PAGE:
10 February 2009

With the Lord There Is Mercy

He can no longer speak with his mouth; the cancer has taken that from him. His eyes still communicate, though. I ask when I arrive how he is doing. He gives me the non-committal shrug. I ask if I can read him some Scripture and pray. He nods yes. The prayers and readings for the Commendation of the Dying are drenched in mercy. That's as it should be. After praying briefly for forgiveness and comfort, I read Psalm 130 and its Gloria Patri and prayer, then the account of Easter from John's Gospel, the one we read at Easter Matins: "My Father and your Father; My God and your God." The Creed and then the litany for the dying with the cry for mercy ringing through like the tolling of a great bell: have mercy! have mercy! have mercy! have mercy upon us! grant us Your peace! have mercy! have mercy! have mercy! Then Our Father and Nunc Dimittis. Through much of this he is too weak to keep his eyes open and focused. But at the Our Father he stirs again and opened eyes fix on me. Last I sing "Lord, let at last" and then the Benediction: "give you peace." The look in his eyes speaks his "Amen" for him. He's ready to go. He knows his past is under the blood; his present is in the hands of the Risen One; his future is bright with mercy.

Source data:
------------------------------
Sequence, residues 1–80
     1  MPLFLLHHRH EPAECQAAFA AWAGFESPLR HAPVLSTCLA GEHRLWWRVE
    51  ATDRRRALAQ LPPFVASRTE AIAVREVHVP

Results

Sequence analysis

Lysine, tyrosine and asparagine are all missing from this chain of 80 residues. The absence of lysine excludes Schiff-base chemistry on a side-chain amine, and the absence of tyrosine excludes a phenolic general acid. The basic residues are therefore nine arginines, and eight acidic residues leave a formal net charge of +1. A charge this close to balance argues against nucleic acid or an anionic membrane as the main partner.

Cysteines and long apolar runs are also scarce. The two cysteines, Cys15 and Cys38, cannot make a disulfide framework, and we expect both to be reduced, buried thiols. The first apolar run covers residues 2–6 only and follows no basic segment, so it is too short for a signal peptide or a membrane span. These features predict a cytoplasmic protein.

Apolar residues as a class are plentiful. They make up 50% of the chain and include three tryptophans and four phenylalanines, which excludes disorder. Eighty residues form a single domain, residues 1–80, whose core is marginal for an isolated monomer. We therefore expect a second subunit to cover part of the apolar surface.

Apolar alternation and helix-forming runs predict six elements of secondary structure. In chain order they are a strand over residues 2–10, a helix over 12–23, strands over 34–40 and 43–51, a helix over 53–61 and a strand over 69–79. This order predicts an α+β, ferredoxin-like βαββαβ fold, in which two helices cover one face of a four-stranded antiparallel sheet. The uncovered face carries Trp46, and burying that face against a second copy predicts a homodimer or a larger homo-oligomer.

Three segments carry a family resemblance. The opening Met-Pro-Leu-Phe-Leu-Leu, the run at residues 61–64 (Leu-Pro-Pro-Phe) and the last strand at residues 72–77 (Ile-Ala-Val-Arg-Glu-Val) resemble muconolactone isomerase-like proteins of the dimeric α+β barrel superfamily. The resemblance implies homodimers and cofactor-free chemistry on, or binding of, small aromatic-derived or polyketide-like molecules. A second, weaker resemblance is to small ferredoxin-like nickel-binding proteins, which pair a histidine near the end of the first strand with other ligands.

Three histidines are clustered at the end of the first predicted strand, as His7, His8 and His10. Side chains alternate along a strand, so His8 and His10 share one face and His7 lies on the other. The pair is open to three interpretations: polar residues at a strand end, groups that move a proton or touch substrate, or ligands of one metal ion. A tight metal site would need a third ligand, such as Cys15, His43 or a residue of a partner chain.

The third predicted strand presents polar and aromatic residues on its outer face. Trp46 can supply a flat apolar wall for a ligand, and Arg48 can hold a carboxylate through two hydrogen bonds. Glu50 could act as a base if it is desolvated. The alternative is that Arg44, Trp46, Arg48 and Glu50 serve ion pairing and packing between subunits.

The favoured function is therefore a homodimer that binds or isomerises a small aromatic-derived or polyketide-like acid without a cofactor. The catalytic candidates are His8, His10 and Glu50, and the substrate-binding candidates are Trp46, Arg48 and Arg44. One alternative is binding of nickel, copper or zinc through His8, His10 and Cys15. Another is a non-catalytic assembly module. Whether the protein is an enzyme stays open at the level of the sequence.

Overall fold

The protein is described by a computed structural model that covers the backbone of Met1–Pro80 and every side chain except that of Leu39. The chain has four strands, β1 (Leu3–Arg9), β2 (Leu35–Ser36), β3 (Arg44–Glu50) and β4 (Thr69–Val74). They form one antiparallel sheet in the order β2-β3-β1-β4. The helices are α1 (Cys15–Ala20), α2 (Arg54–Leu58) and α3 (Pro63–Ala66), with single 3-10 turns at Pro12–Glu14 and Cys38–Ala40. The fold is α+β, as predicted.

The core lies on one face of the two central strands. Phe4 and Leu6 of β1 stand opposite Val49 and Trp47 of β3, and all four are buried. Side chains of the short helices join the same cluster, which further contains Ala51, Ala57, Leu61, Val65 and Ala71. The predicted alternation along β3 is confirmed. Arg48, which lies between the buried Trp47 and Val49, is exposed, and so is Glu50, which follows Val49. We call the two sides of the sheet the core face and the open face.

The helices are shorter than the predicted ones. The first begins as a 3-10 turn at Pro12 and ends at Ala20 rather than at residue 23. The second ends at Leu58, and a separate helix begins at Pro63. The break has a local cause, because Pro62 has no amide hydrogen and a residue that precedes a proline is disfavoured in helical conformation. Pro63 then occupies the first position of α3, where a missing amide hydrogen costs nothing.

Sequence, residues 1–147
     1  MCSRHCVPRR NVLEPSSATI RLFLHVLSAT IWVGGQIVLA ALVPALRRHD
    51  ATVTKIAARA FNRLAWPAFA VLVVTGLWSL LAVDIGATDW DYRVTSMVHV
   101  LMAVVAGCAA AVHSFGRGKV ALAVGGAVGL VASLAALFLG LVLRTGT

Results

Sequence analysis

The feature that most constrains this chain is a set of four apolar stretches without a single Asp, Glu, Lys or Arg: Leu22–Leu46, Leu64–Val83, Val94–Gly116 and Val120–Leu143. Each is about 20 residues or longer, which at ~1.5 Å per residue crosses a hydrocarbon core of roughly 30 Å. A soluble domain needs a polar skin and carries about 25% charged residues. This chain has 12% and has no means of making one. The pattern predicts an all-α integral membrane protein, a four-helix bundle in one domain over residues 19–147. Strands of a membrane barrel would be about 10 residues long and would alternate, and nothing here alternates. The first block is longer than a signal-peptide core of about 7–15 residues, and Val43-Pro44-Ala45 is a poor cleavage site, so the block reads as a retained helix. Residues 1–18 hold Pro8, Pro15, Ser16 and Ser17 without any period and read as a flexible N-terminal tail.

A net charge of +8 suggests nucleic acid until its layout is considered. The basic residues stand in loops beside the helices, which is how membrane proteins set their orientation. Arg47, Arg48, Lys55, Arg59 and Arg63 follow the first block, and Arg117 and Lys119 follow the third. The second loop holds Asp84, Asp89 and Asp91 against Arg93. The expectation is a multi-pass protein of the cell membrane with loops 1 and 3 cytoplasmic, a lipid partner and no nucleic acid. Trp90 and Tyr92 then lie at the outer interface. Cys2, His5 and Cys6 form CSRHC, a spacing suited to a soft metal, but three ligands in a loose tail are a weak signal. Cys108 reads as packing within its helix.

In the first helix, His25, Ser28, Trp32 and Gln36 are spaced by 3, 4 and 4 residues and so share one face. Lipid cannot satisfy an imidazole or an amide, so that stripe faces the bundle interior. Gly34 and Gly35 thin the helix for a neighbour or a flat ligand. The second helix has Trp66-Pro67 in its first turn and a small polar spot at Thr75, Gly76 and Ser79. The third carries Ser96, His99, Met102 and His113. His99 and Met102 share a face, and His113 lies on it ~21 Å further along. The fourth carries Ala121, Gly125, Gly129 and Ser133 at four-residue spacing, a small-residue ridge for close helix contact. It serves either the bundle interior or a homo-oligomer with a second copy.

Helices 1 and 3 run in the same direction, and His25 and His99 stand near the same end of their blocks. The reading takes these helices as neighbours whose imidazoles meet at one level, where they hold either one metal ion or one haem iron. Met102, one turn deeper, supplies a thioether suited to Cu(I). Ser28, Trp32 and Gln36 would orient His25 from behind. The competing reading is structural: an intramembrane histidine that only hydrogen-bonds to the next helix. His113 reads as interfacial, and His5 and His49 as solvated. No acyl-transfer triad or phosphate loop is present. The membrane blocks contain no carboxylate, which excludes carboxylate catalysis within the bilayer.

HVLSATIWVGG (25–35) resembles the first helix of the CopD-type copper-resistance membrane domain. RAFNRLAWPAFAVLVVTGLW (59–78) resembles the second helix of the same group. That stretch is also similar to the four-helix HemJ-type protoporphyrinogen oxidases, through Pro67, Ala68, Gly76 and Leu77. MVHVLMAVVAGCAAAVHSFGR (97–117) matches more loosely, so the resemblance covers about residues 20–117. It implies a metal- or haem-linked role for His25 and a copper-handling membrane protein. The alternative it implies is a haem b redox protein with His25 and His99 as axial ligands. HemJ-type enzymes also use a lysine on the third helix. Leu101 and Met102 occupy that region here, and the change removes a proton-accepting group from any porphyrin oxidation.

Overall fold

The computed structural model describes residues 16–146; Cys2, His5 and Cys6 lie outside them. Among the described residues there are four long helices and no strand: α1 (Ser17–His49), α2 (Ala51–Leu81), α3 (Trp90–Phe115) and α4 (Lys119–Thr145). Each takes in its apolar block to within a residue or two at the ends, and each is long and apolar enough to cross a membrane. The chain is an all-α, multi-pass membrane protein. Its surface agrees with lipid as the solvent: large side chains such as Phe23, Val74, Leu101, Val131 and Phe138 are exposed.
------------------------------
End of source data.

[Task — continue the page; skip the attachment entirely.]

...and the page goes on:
5 comments:

Rev. Thomas C. Messer said...

William,

Simply beautiful!

Jeremy Loesch said...

Rather poetic. Thanks. Times like that reinforce the gifts God gives. Thanks for the meditation.

Jeremy

Pr. Scott Klemsz said...

"Prayer for the Dying" is a treasure. I have had the privilege to be with several people this year during those last hours. Something I will never forget. An incredible blessing.

Mike Adair said...

That's beautiful, Pastor.
I've sent it to a few friends already.
You are indeed an angel in every sense of the word.

William Weedon said...

Thanks for the kind words, all. May the Lord grant him a peaceful homecoming attended by the holy angels.